It's hard to see anyone buying Alber Elbaz's first collection for Yves Saint Laurent, despite the fact that relations between the designer and his successor are said to be just fine. True, Saint Laurent is a tough act to follow but peasant sleeves blown up to cartoonish proportions, tarty little black dresses split to the crotch and satin evening gowns with buckled seams were not what was expected. There were exceptions: a red leather trench coat was pure Left Bank chic and at least some of the tailoring - coat dresses in particular - had the elegance of the originals that inspired it. Otherwise, the Saint Laurent customer can only hope for better days to come.

The grande dame of French fashion is Sonia Rykiel, and she presides over a house that is still very much her own (despite the fact that she is pushing 70) and looks great for it. Rykiel's is run as a family business - in much the same way as the Italian greats - which means that a signature is maintained and developed season after season. For the millennium, Rykiel's look came discoed up with hot sequinned lips appliqued here, there and everywhere, and very sexy and desirable it was too.

Whether Stella McCartney was brought in to maintain the famous Chloe signature is another matter, although this season, for the first time, she seemed really to have found her feet. The clothes were far better cut than they have been: rock chick clothing to suit rock wives - Patsy Kensit, Marianne Faithfull, Anita Pallenberg - all in the front row. Is it McCartney's increasingly accomplished work as a designer or her pulling power where celebrity turn-outs is concerned that won her appointment in the first place, I wonder? Hats off to her, none the less.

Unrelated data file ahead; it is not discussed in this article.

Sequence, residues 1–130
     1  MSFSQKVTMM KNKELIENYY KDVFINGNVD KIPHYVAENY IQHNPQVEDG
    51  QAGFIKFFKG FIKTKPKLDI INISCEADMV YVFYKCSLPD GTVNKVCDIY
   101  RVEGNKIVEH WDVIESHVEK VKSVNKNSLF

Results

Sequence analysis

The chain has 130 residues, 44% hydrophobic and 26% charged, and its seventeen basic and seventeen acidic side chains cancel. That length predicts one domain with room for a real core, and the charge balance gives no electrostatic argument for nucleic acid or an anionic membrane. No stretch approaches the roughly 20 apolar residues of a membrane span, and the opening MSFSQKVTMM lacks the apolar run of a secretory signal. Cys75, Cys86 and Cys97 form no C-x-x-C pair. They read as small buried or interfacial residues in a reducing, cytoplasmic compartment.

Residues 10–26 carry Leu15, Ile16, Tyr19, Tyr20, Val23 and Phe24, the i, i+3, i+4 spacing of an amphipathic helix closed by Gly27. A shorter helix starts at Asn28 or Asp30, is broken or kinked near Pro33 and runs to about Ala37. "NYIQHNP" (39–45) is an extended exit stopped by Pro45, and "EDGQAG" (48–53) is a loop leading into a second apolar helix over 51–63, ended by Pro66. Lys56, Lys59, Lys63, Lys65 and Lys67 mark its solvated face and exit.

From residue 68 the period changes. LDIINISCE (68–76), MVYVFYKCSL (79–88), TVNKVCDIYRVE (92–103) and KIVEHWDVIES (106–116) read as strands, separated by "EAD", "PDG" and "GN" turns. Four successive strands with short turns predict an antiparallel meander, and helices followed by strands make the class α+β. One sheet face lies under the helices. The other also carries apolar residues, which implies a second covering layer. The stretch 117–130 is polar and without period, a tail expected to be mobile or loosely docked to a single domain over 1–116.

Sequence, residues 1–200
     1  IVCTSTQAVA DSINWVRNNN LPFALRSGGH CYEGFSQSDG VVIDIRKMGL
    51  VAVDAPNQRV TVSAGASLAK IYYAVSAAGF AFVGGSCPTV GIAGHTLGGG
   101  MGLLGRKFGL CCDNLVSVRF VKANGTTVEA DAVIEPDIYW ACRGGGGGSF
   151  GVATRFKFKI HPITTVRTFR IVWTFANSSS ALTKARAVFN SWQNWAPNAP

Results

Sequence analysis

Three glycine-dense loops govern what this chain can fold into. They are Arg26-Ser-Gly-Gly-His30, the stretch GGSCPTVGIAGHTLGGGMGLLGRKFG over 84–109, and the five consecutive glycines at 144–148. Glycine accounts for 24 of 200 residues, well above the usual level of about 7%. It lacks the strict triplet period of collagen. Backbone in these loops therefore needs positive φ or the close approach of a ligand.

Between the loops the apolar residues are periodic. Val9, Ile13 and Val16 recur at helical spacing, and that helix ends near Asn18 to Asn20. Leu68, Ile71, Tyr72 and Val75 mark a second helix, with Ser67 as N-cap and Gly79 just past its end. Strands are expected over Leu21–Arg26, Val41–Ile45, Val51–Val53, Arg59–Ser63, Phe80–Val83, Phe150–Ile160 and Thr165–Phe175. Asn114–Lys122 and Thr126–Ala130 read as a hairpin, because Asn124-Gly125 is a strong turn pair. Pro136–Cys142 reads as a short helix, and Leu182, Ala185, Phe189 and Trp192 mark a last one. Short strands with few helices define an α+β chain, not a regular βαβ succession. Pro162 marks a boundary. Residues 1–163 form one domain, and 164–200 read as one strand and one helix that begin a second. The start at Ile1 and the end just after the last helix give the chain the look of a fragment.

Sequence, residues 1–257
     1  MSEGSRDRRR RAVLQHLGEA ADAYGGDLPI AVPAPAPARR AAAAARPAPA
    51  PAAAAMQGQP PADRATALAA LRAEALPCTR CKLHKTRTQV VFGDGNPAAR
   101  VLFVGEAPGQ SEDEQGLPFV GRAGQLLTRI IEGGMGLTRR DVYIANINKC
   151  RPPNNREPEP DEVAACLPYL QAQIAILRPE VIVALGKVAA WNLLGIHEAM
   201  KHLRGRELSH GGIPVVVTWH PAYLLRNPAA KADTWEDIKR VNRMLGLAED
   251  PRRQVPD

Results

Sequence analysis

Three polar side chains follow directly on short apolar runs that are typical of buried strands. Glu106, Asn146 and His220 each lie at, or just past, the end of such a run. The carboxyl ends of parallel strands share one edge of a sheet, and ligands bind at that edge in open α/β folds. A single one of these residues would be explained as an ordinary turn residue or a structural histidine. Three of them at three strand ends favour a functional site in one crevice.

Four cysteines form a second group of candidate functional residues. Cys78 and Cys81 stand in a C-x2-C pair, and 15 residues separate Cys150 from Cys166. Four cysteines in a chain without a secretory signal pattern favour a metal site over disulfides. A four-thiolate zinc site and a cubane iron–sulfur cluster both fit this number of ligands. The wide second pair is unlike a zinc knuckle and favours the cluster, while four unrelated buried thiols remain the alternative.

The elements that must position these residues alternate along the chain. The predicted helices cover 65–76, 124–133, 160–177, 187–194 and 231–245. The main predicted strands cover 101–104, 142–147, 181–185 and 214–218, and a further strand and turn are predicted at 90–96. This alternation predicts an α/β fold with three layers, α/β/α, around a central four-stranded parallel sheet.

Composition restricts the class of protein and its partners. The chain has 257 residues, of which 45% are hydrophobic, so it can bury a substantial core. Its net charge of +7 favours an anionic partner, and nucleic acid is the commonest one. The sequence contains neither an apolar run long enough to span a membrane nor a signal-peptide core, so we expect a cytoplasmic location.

Yohji Yamamoto's last collection, based on brides and widows, was a tough act for even this most poetic of designers to follow. He managed it, however. Much has been made of the death of the trouser suit in fashion in recent months: Yamamoto's deft cutting skills and narrow silhouette ensures that it won't be long before we are all wanting one once more. For evening, he was back in more unashamedly romantic mode. Panne velvet in jewel colours was so fine you could see through it: it fluttered round the models like the finest chiffon when they walked.

Rei Kawakubo's collection for Comme des Garcons was equally innovative. Described as "another exercise in simplicity", it looked just about as complex as fashion can be: this is very Comme. Tartans and tweeds, wrapped and draped high around the neck, mixed with sequinned dresses, skirts and even big knickers in a riot of colour and texture - brave even for this most courageous of labels and lovely for it. Best of all were sequinned garments in silver and gold. Nothing brash about these - the colour had been stripped from them so only the barest shimmer remained. Comme protege Junya Watanabe continues to grow in stature: his neoprene New Look skirts took couture into the 21st century, as did handbags that, at the flick of a wrist, transformed into immaculately tailored jackets.

Finally, Issey Miyake developed last season's introduction of A-POC (A Piece Of Cloth) that looks set to earn its place in fashion history in much the same way as the enormously successful Pleats Please line. Out of a single roll of fabric, everything from dresses to bras, knickers, hats and even gloves are cut out, by the customers themselves, following a pattern provided by Miyake which they are encouraged to adapt to suit their body shapes and needs. This time round, these designs came complete with stuffed seams - not easy for any but the very thin. Pleats found their way back into the mainline collection for the year 2000 too: they looked beautiful, shaped like exploding stars.

It's no coincidence that the three great Japanese designers - Miyake, Kawakubo and Yamamoto - continue to steal the Paris season. They have no corporate giant bearing down on them and answer only to themselves. When the shows are over with, they pack up their wares and head straight back to Tokyo where all three are doing very nicely, thank you, continuing to sell well in Europe and America from a distance, without any interference from men in suits.

They alone in Paris are pushing the boundaries of fashion forward, truly challenging our notions of dress.